What is a transmembrane potential?
The transmembrane potential is a useful tool to quantitate the relative difference in the electrical potential on the two sides of a cell membrane. By definition a voltage is a difference in electrical potential between two points. When a membrane’s potential is different on its two sides, there is a voltage across the membrane. The voltage across a cell membran is called a transmembrane potential and it is expressed for cells in millivolts.
The transmembrane potential of inactive axons, those not transmitting signals, is called the transmembrane resting potential. The transmembrane resting potential of most axons is in the range of -60 to -90 millivolts. By convention in physiology the positive or negative quality of a cell membrane potential is always stated as inside electrical potential relative to outsides electrical potential.
Mechanics of the axon’s signaling process—action potentials
Voltage sensitive Na+ and K+ protein channels are closed to the flow of ions at the axon’s negative transmembrane resting potential. When the transmembrane potential moves away from its negative resting value to a sufficiently less negative voltage, the channel proteins shift their amino acid configuration into an open state allowing ions to flow from the fluid where they are in high concentration to the fluid where they are in low concentration. The positive change in transmembrane potential at the initial segment of the axon is initiated by events within the cell body.
There are separate voltage-sensitive channel proteins for Na+ and K+. The channel for Na+ opens first when the transmembrane potential becomes more positive. This allows sodium to flow into the cell where its concentration is low. The entry of Na+ makes the electrical potential on the inside of the membrane less negative than before the channel opened. This moves the transmembrane potential further from its negative resting value.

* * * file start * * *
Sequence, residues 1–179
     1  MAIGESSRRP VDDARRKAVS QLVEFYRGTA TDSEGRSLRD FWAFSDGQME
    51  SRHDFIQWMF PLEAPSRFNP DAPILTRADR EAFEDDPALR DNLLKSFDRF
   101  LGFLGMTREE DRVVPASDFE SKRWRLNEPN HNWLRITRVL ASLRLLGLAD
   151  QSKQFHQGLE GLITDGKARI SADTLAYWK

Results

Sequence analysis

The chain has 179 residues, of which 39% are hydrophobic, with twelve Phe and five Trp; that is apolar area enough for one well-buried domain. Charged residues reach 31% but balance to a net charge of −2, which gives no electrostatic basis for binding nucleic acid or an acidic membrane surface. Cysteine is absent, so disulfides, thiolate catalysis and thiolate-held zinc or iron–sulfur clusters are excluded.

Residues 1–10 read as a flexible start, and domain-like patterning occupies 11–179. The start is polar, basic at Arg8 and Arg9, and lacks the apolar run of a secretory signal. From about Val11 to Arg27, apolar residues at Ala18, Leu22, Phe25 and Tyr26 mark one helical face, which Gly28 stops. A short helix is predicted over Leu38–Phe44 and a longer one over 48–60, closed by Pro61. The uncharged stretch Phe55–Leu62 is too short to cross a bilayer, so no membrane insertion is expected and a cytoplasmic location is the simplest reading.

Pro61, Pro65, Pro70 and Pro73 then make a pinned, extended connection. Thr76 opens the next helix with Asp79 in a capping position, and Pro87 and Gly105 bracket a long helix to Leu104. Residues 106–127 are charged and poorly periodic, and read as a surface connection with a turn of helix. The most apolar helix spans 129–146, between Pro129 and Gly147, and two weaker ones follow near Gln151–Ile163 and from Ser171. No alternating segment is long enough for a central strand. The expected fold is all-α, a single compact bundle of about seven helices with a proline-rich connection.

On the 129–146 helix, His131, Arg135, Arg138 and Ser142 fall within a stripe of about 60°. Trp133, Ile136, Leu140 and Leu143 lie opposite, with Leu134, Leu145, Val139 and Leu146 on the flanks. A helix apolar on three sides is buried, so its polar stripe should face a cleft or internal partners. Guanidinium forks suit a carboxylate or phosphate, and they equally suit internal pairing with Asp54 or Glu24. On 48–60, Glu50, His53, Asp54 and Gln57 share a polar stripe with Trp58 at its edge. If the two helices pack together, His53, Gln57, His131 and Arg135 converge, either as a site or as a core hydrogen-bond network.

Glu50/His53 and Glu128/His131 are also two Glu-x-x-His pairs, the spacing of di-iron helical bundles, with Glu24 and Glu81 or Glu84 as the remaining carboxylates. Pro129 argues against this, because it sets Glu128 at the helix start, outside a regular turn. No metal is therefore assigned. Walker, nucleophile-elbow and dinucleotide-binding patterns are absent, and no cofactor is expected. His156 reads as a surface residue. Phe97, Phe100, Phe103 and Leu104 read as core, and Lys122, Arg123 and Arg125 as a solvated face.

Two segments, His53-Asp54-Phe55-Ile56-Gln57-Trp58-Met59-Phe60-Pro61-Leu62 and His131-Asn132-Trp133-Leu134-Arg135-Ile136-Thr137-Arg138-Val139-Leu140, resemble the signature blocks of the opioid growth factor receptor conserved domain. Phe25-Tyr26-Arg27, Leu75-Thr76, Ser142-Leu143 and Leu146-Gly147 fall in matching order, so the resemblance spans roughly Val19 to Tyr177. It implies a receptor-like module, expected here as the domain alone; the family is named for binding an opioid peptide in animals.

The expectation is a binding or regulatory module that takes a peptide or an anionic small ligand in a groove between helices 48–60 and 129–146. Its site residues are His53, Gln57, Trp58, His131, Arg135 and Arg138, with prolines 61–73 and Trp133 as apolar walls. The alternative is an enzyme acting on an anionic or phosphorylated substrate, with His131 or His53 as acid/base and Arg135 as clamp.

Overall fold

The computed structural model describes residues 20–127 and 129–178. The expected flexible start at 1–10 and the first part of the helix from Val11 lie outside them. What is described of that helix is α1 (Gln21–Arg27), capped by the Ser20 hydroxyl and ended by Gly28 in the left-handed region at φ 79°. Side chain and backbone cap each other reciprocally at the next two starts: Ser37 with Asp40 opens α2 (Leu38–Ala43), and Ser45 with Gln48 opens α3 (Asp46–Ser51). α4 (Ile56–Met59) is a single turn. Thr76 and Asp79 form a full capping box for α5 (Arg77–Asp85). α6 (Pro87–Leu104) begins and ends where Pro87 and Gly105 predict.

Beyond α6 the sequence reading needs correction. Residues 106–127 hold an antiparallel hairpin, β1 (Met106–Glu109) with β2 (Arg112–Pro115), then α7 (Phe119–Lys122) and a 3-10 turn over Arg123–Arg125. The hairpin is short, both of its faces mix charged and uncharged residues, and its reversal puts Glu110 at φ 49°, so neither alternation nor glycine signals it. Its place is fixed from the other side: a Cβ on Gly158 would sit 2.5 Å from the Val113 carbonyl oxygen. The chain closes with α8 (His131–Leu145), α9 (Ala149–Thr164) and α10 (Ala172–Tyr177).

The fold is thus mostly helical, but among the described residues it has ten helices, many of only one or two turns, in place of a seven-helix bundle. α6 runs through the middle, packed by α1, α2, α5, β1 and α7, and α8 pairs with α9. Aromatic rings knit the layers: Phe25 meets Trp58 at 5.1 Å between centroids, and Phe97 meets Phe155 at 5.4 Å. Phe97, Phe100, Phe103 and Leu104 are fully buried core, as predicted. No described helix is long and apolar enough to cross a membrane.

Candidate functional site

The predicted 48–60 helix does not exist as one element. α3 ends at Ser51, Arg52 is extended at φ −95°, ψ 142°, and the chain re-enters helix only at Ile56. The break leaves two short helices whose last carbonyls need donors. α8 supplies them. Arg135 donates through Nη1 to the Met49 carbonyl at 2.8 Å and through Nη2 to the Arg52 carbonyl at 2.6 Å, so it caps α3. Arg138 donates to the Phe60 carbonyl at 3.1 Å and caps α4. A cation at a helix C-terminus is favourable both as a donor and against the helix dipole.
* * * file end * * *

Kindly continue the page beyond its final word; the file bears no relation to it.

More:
The change of the transmembrane potential to a much more positive value eventually opens the K+ voltage-sensitive channel protein. Potassium ion then flows out of the cell because the extracellular fluid is low in K+. The loss of positive charge on the inside of the membrane as K+ leaves moves the transmembrane potential back toward its resting negative value. As K+ leaves, the Na+ channel closes and the flow of Na+ stops. When the transmembrane potential is sufficiently negative the K+ channel also closes.
Propagation of action potentials
When Na+ enters an axon during an action potential, it diffuses away from its channel in all direction. Some of it travels toward the end of the axon away from the cell body, the axon terminal. This excess of Na+ makes the transmembrane potential of the next segment of axon membrane more positive and opens Na+ channels there initiating another action potential. Na+ diffusing back toward the cell body cannot depolarize the transmembrane potential enough to re-open those Na+ channels because the K+ channels are still open.